Bond Rating & Investments
It is in the City's best interest in its stewardship of taxpayer funds to strive to achieve the highest bond rating possible. Certain factors, such as the area's economy and the debt burden of overlapping levels of government (Washtenaw County, the school district) are out of our control, however, there many factors that are within our control. Among them is proper financial reporting, including national certification of financial documents, as well as, certification of employees responsible for financial record keeping. Other factors such as job creation, which the City facilitates through tools such as our Economic Development Corporation and industrial facilities tax exemptions, play a role.
The City is proud of the fact that since 2000, we have seen our bond rating rise from a BBB to a AA, which is the second highest rating category available through Standard and Poor's. In addition, sound fiscal management has resulted in the State of Michigan issuing the City a "qualified" status for bonding, which means that we are not required to have state oversight when borrowing funds. The Qualifying Statements are available on the Michigan Department of Treasury's website.
- AAA: An obligor rated 'AAA' has extremely strong capacity to meet its financial commitments. 'AAA' is the highest issuer credit rating assigned by Standard & Poor's.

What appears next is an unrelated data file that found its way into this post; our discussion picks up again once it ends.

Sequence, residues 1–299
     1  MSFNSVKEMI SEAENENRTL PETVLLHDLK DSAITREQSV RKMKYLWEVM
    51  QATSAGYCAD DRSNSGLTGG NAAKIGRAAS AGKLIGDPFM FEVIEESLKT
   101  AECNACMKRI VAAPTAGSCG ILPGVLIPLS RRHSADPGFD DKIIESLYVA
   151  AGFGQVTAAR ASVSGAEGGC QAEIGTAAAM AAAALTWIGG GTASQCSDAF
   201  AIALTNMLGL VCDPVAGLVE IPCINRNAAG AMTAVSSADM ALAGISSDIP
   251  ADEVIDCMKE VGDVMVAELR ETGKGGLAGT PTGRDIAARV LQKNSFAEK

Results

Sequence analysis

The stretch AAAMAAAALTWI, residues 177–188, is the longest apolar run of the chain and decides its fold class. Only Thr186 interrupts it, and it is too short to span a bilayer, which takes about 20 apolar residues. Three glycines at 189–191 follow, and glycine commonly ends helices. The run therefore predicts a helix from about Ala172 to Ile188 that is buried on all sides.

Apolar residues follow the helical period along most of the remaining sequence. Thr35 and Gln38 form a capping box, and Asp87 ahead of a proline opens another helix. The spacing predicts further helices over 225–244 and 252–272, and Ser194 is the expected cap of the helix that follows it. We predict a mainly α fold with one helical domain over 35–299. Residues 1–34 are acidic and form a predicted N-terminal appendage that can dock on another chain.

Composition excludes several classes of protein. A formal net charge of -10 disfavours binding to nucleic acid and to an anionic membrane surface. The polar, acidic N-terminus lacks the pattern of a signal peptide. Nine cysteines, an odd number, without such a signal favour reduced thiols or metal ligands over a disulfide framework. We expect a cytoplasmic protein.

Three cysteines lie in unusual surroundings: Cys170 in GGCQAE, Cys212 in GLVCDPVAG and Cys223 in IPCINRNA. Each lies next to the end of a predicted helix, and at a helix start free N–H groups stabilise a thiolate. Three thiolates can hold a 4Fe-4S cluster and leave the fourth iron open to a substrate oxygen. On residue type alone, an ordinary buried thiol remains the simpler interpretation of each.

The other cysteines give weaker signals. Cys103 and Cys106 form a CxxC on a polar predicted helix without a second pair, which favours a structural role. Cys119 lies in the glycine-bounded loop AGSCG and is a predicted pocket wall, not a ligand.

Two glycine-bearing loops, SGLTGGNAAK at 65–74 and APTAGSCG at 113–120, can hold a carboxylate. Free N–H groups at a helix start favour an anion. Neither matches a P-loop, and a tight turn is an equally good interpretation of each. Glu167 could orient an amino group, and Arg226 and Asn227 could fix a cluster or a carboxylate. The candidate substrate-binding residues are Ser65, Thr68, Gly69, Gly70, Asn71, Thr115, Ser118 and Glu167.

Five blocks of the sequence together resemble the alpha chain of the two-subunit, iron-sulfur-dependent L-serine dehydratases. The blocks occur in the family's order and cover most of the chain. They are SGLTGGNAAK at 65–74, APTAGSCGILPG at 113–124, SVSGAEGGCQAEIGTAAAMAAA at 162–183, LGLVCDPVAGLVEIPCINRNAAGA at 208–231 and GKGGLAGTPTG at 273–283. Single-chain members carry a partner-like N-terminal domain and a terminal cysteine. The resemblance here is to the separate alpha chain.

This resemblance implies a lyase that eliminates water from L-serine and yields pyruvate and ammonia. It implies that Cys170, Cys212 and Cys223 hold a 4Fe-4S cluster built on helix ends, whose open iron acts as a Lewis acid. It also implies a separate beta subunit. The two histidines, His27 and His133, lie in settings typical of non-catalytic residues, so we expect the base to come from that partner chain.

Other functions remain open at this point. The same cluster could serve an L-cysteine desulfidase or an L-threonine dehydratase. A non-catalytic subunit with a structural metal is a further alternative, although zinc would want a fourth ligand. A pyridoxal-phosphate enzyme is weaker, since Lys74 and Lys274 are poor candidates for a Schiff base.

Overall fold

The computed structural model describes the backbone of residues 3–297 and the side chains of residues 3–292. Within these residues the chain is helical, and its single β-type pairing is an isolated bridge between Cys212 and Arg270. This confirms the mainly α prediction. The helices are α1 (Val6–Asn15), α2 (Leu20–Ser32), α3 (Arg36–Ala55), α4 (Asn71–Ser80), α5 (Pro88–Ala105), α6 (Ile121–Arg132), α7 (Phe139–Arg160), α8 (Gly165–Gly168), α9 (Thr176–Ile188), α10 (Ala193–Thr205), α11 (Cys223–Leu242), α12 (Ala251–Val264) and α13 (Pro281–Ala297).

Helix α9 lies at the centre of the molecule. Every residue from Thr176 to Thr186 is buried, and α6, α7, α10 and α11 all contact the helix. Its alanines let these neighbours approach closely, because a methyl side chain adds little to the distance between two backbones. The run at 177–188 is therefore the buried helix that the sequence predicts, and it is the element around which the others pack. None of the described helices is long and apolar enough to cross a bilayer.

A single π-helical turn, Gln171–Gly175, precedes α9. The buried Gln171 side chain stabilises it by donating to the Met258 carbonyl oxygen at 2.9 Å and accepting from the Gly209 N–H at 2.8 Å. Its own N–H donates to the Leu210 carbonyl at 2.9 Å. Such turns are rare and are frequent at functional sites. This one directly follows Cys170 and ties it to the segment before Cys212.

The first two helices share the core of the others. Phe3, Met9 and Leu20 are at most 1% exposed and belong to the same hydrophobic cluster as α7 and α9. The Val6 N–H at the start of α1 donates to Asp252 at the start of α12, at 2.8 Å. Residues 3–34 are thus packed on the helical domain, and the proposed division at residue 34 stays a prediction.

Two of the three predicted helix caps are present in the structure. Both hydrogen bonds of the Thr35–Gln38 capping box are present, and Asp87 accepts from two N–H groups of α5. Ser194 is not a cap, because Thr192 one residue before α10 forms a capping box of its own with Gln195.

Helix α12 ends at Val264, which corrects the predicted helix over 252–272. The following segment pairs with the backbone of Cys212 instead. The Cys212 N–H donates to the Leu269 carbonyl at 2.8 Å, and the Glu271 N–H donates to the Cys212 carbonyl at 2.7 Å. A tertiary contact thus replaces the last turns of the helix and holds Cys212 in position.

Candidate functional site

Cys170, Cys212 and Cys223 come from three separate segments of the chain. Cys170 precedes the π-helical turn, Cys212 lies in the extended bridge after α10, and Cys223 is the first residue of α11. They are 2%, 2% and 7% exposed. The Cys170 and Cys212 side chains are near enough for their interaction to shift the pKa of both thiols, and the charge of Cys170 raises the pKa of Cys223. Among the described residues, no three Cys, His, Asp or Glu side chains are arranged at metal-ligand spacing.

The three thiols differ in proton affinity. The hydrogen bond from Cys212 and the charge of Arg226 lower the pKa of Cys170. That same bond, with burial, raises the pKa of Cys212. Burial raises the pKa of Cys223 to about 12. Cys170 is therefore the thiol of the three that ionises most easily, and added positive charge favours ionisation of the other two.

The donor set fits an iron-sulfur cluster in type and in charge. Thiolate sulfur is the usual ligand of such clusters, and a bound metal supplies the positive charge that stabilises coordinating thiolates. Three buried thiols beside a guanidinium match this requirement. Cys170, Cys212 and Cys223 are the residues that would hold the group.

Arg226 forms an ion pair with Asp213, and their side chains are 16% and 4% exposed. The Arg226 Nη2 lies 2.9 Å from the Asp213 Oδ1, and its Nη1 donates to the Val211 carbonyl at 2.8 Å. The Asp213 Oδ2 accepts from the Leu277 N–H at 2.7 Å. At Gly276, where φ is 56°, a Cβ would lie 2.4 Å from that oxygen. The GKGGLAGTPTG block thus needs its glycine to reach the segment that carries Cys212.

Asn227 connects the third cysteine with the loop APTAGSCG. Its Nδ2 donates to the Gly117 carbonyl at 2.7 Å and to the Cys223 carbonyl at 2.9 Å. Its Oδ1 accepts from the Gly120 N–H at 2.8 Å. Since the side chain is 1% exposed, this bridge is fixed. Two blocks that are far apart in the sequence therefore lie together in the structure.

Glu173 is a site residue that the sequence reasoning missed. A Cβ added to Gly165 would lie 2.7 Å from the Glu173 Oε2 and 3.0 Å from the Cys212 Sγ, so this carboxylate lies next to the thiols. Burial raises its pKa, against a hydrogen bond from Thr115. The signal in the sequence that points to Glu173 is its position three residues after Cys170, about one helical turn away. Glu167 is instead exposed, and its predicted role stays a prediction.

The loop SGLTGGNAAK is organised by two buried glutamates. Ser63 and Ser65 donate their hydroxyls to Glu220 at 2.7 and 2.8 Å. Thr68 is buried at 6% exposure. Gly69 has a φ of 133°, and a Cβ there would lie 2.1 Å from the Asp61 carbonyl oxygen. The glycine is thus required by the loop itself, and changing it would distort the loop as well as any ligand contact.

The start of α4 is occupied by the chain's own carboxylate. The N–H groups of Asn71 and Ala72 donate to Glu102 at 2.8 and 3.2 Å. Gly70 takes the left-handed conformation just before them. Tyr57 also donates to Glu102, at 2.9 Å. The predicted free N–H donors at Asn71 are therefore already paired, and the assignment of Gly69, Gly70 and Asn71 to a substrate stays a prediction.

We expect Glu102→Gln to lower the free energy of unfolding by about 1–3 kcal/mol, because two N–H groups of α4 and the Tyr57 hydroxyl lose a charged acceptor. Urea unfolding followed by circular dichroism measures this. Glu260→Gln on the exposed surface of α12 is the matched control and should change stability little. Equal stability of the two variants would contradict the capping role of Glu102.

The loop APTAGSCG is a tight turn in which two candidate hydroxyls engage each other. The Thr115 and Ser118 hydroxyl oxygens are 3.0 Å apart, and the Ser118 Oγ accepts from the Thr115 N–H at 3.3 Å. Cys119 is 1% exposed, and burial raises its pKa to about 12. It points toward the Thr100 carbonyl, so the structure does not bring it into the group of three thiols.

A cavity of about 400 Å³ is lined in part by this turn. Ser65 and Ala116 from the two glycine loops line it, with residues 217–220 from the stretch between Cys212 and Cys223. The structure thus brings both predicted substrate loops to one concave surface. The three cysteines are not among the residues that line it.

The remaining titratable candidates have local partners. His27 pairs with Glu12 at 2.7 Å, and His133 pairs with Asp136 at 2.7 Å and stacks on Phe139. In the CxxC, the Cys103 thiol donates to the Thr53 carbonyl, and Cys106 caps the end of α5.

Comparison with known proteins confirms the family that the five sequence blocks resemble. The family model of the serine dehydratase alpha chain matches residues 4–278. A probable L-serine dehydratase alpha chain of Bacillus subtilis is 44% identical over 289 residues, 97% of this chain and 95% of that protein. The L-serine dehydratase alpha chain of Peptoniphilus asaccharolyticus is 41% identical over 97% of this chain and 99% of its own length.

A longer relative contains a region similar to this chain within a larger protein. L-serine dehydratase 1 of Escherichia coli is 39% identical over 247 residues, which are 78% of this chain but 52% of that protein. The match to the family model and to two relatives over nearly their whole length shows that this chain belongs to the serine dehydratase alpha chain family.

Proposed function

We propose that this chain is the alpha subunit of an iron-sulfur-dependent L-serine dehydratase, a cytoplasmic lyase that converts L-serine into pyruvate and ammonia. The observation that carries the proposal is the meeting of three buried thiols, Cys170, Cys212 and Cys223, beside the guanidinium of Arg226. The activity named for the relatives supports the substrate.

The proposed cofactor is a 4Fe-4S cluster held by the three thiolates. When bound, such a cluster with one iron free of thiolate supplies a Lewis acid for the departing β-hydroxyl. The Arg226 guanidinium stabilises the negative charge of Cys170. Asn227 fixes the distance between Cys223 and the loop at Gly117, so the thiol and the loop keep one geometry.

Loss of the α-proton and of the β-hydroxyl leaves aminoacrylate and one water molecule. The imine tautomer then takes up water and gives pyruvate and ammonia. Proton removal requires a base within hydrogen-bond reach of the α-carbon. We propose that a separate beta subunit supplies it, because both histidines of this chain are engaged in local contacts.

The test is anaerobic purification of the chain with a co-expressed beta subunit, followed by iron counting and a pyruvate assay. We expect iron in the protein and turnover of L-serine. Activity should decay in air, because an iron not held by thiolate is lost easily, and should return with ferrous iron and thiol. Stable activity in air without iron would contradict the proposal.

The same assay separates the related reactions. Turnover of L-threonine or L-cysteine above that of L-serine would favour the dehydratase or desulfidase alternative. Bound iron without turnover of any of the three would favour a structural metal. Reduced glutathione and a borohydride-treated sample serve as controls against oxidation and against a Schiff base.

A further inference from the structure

- AA: An obligor rated 'AA' has very strong capacity to meet its financial commitments. It differs from the highest-rated obligors only to a small degree.
- A: An obligor rated 'A' has strong capacity to meet its financial commitments but is somewhat more susceptible to the adverse effects of changes in circumstances and economic conditions than obligors in higher-rated categories.
- BBB: An obligor rated 'BBB' has adequate capacity to meet its financial commitments. However, adverse economic conditions or changing circumstances are more likely to lead to a weakened capacity of the obligor to meet its financial commitments.
- BB: An obligor rated 'BB' is less vulnerable in the near term than other lower-rated obligors. However, it faces major ongoing uncertainties and exposure to adverse business, financial, or economic conditions, which could lead to the obligor's inadequate capacity to meet its financial commitments.
It is important that the City's reserve funds be invested in a manner that is safe, provides liquidity, and gives reasonable yield. Investments are guided by Michigan Public Act 20 as well as the City's own investment policy, which is reviewed and updated regularly. The City's Investment Policy has been certified by the Association of Public Treasurers of the United States and Canada, the national organization for treasurers,